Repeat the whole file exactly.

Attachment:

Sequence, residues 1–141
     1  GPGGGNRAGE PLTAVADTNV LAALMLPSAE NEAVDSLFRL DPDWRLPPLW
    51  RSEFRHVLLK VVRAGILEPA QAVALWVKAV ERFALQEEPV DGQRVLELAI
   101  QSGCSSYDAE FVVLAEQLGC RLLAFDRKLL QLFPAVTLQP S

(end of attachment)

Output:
Sequence, residues 1–141
     1  GPGGGNRAGE PLTAVADTNV LAALMLPSAE NEAVDSLFRL DPDWRLPPLW
    51  RSEFRHVLLK VVRAGILEPA QAVALWVKAV ERFALQEEPV DGQRVLELAI
   101  QSGCSSYDAE FVVLAEQLGC RLLAFDRKLL QLFPAVTLQP S